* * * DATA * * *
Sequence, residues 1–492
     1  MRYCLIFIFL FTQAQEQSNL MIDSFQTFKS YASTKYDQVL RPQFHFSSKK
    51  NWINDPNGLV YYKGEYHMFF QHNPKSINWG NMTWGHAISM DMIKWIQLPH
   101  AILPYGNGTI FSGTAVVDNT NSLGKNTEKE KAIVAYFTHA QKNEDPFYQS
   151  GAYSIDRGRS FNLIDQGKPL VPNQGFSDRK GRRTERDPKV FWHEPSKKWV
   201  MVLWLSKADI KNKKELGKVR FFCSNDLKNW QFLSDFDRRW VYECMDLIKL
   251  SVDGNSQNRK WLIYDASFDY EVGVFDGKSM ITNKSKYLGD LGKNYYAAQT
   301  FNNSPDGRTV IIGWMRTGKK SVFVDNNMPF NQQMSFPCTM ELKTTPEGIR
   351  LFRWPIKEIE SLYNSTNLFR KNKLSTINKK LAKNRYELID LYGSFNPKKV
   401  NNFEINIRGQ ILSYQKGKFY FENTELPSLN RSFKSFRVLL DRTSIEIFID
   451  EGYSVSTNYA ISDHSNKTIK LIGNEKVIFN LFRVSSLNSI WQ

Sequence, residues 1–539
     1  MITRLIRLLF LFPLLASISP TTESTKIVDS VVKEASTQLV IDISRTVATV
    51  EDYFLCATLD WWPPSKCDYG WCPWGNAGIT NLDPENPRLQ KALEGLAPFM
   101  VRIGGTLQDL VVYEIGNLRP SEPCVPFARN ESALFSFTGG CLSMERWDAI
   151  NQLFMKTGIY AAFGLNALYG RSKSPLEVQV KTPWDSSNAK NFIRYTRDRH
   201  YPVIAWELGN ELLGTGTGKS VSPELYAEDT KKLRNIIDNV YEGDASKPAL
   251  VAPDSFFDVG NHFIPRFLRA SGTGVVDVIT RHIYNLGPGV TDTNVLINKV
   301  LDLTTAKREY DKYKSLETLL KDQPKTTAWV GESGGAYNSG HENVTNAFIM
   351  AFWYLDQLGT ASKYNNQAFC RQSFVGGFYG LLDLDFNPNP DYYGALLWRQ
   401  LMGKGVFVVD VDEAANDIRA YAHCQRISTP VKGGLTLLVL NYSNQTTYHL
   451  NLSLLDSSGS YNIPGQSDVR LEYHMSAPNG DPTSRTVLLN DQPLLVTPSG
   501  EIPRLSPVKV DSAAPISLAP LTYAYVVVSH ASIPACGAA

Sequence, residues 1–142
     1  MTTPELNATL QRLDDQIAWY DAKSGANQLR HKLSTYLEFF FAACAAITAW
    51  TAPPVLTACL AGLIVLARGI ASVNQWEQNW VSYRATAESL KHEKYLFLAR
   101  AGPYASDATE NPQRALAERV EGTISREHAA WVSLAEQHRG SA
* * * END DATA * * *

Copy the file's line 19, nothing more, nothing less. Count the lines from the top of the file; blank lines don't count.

   301  LDLTTAKREY DKYKSLETLL KDQPKTTAWV GESGGAYNSG HENVTNAFIM